by Lindsay Shelton
What are we to make of Mayor Justin Lester’s announcement that the regional council is discussing “potentially student discounts” for public transport? The mayor has also welcomed “a package of discounts for the 2018-2019 fiscal year.” But the regional council hasn’t yet made any such announcement.
Justin Lester’s comments are included in an effusive press release about the regional council’s draft annual plan for 2017/2018 which he says includes a fourth year of no increases in bus fares.
But on the same day the regional council’s announcement of its annual plan made no mention of any of the topics which are so pleasing to the mayor. Chris Laidlaw had a different focus. He talked about a rates increase of 5.5 per cent (ugh), and named four priorities for 2017/18:
· Investing in resilient regional infrastructure
· Making sure we can cope in emergencies
· Growing public transport patronage
· Keeping our environment clean
Search the regional council website, and you won’t find any link to the subject of freezing bus fares which the mayor announced. In fact, you won’t find any mention of the draft annual plan for 2017/2018, though consultation is starting on the 16th. “We want people to have their say,” says Chris Laidlaw. Difficult to engage, when there’s nothing yet to see.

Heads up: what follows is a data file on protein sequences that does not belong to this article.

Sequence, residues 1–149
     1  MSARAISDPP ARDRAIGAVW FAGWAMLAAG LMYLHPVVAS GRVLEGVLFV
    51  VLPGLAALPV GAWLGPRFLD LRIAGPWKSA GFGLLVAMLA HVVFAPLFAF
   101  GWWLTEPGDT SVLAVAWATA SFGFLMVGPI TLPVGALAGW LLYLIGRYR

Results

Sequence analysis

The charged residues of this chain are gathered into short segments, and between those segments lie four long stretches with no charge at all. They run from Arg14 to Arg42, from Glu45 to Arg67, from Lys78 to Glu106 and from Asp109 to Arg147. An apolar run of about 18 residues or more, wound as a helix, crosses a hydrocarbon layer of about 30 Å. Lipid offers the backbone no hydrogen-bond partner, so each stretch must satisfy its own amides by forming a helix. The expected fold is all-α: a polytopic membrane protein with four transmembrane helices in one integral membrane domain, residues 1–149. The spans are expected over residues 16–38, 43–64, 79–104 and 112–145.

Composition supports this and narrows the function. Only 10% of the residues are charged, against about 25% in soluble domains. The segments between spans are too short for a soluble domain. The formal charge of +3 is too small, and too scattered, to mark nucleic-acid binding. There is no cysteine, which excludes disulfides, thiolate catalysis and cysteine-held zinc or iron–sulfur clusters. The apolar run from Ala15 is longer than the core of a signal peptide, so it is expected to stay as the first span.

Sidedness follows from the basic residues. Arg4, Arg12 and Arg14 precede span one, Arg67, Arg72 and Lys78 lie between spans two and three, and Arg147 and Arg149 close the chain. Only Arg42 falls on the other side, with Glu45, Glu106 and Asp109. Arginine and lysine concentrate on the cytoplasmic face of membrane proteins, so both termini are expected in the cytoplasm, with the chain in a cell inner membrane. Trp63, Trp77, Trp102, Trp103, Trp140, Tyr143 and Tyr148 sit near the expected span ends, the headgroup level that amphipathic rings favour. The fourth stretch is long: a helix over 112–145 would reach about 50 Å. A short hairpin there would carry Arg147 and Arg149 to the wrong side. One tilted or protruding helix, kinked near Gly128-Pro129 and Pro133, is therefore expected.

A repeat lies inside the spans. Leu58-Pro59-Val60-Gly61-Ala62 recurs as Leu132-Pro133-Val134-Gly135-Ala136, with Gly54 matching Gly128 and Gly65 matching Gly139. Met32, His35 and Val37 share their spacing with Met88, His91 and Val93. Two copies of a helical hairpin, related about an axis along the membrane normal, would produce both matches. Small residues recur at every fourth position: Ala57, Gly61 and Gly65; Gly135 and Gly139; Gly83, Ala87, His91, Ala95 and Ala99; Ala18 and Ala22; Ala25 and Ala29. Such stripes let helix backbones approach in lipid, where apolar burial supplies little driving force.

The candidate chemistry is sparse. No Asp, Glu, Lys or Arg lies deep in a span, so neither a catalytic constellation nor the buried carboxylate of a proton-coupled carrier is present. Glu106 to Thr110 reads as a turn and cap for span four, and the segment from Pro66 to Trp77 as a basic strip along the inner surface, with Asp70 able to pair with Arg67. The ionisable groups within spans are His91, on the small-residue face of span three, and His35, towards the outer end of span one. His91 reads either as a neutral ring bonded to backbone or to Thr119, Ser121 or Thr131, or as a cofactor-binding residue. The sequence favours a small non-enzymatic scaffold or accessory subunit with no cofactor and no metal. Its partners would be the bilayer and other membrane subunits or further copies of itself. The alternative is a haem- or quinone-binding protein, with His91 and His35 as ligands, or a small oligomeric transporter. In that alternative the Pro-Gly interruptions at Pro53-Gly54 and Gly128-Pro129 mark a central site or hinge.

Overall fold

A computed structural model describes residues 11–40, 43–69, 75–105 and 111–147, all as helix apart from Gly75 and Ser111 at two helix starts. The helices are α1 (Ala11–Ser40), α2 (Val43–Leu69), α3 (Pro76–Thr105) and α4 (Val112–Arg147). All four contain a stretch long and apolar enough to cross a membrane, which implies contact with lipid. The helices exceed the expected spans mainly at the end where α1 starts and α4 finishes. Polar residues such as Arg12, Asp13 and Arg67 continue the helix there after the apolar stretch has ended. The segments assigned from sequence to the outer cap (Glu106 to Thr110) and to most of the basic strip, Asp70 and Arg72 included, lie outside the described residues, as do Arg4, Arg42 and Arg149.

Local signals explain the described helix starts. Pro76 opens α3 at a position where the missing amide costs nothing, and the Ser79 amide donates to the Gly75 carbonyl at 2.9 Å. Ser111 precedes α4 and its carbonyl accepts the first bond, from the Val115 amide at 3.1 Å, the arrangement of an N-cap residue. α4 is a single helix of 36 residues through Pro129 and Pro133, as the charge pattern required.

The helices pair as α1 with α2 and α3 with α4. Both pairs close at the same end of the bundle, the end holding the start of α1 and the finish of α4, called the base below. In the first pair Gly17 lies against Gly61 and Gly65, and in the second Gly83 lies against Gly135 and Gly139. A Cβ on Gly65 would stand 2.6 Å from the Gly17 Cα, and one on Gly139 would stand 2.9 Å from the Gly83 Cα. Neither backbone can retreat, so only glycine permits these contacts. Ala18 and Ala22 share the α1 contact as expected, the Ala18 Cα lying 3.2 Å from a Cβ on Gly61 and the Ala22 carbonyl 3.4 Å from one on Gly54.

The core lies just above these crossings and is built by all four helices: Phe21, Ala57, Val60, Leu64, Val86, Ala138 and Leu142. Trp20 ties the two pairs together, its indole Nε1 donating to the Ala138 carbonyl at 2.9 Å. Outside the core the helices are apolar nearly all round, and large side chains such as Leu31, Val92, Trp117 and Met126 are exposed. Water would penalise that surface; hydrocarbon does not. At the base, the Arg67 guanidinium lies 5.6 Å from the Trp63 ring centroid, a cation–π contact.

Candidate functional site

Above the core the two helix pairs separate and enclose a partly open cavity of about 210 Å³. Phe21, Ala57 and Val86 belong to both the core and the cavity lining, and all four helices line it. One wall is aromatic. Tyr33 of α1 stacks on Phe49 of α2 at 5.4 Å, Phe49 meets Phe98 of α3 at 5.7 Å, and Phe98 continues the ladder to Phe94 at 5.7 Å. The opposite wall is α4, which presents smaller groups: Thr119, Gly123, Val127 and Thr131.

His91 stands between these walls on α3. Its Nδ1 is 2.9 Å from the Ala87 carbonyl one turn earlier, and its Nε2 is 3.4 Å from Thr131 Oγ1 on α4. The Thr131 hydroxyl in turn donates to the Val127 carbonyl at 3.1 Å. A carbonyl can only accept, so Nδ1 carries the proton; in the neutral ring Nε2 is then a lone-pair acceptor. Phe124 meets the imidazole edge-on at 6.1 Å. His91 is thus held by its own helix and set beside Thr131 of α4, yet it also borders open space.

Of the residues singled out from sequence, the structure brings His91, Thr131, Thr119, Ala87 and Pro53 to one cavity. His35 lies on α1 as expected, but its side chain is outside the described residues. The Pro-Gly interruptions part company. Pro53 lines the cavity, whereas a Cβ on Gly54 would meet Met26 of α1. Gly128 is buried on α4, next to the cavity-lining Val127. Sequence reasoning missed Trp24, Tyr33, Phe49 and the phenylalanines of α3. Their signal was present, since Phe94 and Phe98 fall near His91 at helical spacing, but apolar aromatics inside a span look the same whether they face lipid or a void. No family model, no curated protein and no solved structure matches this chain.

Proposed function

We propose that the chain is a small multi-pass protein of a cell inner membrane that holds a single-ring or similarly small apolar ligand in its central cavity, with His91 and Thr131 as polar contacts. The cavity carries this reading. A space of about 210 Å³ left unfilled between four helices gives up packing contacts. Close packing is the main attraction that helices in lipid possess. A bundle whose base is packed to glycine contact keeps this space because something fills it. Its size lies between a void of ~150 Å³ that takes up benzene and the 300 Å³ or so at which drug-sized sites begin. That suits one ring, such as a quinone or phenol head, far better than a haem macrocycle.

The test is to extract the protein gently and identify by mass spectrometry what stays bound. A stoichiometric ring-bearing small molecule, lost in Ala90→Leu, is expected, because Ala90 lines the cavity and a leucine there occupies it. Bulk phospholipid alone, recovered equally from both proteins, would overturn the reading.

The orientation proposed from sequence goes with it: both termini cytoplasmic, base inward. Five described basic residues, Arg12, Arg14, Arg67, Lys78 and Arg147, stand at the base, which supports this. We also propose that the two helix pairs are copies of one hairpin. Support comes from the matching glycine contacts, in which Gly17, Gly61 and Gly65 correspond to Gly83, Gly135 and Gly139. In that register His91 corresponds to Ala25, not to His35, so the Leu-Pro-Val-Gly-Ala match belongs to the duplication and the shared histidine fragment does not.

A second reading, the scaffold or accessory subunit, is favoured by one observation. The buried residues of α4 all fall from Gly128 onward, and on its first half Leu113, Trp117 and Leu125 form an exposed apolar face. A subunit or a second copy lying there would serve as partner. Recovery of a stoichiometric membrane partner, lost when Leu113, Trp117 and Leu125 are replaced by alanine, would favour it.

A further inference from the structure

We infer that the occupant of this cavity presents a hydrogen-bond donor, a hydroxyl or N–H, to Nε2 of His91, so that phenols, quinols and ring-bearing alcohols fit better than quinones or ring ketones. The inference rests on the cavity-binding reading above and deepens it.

There is, however, a draft consultation document which is well-hidden on the website, identified only as an “appendix” which was discussed at last week’s meeting. This document – not yet made public – will be the basis of the consultation which Chris Laidlaw is encouraging. It does include mention of the continuing freeze on public transport fares and says the council is
“now signalling our intention to bring in the package of fare initiatives in 2018/19 to align with the new bus contracts and the extension of Snapper as an interim bus ticketing system. The fare initiatives will be based on a review of the fare policies outlined in the Regional Public Transport Plan, and include off-peak discounts, transfer discounts, changes to one fare boundary and standardisation of fare rules.”
It’s clear that the discounts welcomed by the mayor are not to be expected for another year. And as for the possibility of student discounts (again, not this year) the regional council has yet to decide if they are affordable:
We also intend to consider whether a fare discount for tertiary students is affordable. Fare changes will form part of a comprehensive package of improvements to how public transport is delivered to our customers, including new bus networks, new bus operating contracts, new bus vehicles and new ticketing systems. We will have to also consider how the package of fare changes is funded and this may require some fare increases at that time.
Which reads as a fairly clear pointer to an increase in bus fares next year, at the same time as the new contracts take effect.